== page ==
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PopupFirstNameButton.addEventListener('click', FirstNameFunction);

// This gets called
function FirstNameFunction(){
  alert("Hello");   
}

// This does not
var FirstNameFunction = function (){
    alert("Hello");   
}
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5 Answers 5

up vote 6 down vote accepted

In the first example, you're creating a named function. The function's name is FirstNameFunction.

In the second example, you're creating an anonymous function (a function that has no name). However, you're also defining a variable named FirstNameFunction that holds a reference to the anonymous function. In this case FirstNameFunction is not the function itself, but is just a variable that references it.

The reason these differences are important when assigning the event handler as you did on the first line, is because global-scope named functions can be referenced from anywhere in the code, as long as their declaration has been parsed and interpreted before you try to use them. On the other hand, variables can only be used while they're in scope. That means after they're defined, and before they fall out of scope. Therefore, you should be able to use the second declaration method with your event handler assignment, as long as you declare the variable pointing to the anonymous function before you call the event handler and you do it in the same scope.

This works:

var FirstNameFunction = function (){
    alert("Hello");   
}    
PopupFirstNameButton.addEventListener('click', FirstNameFunction, false);

This doesn't:

PopupFirstNameButton.addEventListener('click', FirstNameFunction, false); // FirstNameFunction is undefined!!
var FirstNameFunction = function (){
    alert("Hello");   
}    

Neither does this:

function declareFunction()
{
    var FirstNameFunction = function (){
        alert("Hello");   
    }    
}  // FirstNameFunction falls out of scope here and is no longer declared

declareFunction(); // The anonymous function exists while this is running but the reference is lost when the function returns

PopupFirstNameButton.addEventListener('click', FirstNameFunction, false); // This doesn't work.
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+1 nicely explained (vote limit reached, will vote tomorrow) –  kapa Apr 19 '11 at 14:18
var FirstNameFunction = function (){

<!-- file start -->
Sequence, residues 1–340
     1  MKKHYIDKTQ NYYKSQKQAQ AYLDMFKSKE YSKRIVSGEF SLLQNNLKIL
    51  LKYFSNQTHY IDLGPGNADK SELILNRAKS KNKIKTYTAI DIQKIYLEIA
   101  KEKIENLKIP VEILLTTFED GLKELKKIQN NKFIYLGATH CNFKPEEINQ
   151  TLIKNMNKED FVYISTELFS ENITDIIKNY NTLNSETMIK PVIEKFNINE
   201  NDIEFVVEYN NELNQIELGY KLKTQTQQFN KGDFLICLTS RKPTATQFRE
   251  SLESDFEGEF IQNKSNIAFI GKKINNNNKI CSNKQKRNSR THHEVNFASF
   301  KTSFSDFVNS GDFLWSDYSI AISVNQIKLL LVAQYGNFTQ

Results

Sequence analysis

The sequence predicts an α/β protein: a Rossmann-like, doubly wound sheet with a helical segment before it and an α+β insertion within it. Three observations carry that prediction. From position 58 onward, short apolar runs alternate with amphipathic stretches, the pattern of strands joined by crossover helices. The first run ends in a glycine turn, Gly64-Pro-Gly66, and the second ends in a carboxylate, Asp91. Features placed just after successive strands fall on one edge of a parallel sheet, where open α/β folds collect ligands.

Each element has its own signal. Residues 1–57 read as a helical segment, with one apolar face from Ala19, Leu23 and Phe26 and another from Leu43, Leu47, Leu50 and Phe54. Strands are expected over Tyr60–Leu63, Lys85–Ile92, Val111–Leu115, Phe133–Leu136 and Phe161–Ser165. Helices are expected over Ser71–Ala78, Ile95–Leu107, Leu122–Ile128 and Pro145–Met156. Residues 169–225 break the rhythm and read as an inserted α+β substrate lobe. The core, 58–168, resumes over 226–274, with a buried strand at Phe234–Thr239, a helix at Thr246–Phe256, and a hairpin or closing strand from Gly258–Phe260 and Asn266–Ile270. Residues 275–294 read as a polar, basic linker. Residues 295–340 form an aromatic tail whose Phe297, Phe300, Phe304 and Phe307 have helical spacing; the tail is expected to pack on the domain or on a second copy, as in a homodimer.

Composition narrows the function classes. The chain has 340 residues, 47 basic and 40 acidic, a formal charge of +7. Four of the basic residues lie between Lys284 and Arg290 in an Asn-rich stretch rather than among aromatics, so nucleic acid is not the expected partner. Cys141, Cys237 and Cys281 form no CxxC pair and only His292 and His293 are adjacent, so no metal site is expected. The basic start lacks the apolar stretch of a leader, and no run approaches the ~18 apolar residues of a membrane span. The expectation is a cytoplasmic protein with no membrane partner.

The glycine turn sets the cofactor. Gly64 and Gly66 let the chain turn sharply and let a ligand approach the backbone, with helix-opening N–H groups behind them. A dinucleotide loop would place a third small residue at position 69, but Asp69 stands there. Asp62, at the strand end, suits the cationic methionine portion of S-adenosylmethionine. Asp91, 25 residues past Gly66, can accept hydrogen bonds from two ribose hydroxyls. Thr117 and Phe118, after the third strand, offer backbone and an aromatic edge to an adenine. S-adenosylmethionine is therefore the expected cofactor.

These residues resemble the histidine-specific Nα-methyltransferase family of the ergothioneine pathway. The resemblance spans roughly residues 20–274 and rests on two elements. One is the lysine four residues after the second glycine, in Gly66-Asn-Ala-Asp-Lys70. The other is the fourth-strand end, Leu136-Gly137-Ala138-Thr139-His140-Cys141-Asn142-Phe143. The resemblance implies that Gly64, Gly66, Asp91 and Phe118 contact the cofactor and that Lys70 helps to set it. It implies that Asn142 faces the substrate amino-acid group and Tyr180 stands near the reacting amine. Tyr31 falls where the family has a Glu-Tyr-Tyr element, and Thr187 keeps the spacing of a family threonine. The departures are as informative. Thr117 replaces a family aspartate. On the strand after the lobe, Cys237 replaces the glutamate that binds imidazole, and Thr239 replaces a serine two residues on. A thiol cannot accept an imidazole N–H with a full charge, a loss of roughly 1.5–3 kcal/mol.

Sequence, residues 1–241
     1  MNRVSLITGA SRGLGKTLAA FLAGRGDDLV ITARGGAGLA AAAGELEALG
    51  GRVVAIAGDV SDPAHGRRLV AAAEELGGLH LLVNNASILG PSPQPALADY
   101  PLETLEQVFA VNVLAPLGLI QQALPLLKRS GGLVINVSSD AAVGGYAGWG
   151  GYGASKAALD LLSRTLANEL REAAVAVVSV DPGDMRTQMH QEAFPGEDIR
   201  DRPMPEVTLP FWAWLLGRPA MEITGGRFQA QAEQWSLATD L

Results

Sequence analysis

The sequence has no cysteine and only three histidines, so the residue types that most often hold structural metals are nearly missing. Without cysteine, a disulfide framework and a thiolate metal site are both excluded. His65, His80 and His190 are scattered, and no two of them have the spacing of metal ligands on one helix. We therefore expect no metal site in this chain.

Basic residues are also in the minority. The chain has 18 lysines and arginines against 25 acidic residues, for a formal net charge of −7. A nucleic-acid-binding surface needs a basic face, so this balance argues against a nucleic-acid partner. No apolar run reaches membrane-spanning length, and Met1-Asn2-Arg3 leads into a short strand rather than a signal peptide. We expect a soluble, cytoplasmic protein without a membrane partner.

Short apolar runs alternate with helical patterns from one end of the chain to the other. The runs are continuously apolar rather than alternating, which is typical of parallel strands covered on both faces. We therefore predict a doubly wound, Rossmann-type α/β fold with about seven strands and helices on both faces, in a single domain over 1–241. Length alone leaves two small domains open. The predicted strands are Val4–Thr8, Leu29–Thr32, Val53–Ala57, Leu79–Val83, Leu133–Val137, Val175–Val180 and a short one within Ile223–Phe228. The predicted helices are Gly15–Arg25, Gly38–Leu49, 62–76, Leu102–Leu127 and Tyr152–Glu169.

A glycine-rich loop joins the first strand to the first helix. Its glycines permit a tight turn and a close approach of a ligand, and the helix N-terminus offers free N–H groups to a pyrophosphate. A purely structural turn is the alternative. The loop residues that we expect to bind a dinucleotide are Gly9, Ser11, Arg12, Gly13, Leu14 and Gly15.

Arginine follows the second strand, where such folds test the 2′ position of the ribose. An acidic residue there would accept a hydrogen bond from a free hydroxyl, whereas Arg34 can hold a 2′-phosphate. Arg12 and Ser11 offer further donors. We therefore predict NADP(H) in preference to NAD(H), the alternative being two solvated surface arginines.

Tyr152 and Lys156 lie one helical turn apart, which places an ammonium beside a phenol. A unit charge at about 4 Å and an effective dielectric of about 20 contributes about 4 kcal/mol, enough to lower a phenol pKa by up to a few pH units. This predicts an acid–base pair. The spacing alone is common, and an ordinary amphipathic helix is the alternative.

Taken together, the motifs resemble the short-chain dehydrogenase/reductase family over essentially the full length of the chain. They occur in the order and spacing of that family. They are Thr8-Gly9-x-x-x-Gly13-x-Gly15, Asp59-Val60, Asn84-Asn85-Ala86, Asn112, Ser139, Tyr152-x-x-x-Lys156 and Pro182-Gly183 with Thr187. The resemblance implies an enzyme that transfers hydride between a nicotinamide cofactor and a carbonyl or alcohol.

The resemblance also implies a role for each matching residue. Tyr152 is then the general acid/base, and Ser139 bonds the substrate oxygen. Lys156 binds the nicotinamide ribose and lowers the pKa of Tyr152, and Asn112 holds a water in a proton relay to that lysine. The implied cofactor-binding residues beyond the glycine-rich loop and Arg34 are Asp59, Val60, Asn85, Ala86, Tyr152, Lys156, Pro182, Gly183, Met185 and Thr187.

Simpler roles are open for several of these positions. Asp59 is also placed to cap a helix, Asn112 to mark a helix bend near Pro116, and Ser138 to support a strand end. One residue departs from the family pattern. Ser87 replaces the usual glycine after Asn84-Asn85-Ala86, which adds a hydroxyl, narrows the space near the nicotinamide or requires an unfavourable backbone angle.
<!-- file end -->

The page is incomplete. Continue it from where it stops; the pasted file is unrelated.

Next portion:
alert("Hello");   
}

this is an assignment statement , so only after this is executed, FirstNameFunction gets assigned a value. So when PopupFirstNameButton.addEventListener('click', FirstNameFunction); is executing, FirstNameFunction is undefined

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1  
To be more precise, it's a ‘function expression’ (opposed to ‘function declarations’ and Mozilla's non-standard ‘function statements’). See kangax.github.com/nfe/#expr-vs-decl –  Marcel Korpel Apr 19 '11 at 14:04
    
How would this get execute then.... –  theJava Apr 19 '11 at 14:07
    
@theJava see stackoverflow.com/questions/336859/… for the difference between two method of function definition –  wong2 Apr 19 '11 at 14:11

You are missing 3rd argument to addEventListener again!

This happens because FirstNameFunction used in line 1 is undefined yet with anonymous function syntax at line 9. With function syntax FirstNameFunction symbol is in scope already.

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+1 because I didn't realize that addEventListener's third argument was mandatory (I thought it would default to false). But O'Reilly agrees with you: bit.ly/e9tlbJ –  Joshua Carmody Apr 19 '11 at 14:24
    
@Joshua Carmody, added link to authoritative source (dont like DevMo? there is W3C link at the bottom too!) –  user422039 Apr 19 '11 at 14:33

The first function gets bound at compile time. The function foo() syntax allows for look-ahead declaration of functions.

The second is a simple variable declaration. And you can't use variables, before they are declared...

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"compile time"? –  user422039 Apr 19 '11 at 14:08
    
Well, interpretion time. However, at some time there is machine code involved, so the term is not fully wrong. –  Boldewyn Apr 19 '11 at 15:20

Maybe because they both have the same name? I tried :

<HEAD>
        <SCRIPT TYPE="text/JavaScript">
            // This does not get called?
            var FirstNameFunction = function (){
                alert("Hello");
            }
        </SCRIPT>
    </HEAD>
    <BODY>
        <button id="abutton" value="!"/>

        <SCRIPT TYPE="text/JavaScript">
            getById('abutton').addEventListener('click', FirstNameFunction);
            </SCRIPT>
    </BODY>

And it worked (in Chrome at least)

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2  
This works because you're calling the addEventListener function after the variable is declared, whereas the asker was calling it before. –  Joshua Carmody Apr 19 '11 at 14:15

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